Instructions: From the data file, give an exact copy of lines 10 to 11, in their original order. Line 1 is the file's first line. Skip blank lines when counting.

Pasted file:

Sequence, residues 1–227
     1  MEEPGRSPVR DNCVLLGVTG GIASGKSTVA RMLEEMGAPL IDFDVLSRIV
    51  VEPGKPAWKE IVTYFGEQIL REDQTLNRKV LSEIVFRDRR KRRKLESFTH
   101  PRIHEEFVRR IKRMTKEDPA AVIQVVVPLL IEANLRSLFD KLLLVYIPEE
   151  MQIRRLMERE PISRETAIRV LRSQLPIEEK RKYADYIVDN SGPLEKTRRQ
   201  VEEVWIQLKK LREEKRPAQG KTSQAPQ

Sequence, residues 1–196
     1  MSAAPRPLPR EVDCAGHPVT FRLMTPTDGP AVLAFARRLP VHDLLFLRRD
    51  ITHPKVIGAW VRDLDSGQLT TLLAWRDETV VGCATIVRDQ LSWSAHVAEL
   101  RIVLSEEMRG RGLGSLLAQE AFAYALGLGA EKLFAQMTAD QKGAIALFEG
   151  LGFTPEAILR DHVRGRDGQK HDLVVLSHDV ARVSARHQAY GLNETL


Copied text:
   101  RIVLSEEMRG RGLGSLLAQE AFAYALGLGA EKLFAQMTAD QKGAIALFEG
   151  LGFTPEAILR DHVRGRDGQK HDLVVLSHDV ARVSARHQAY GLNETL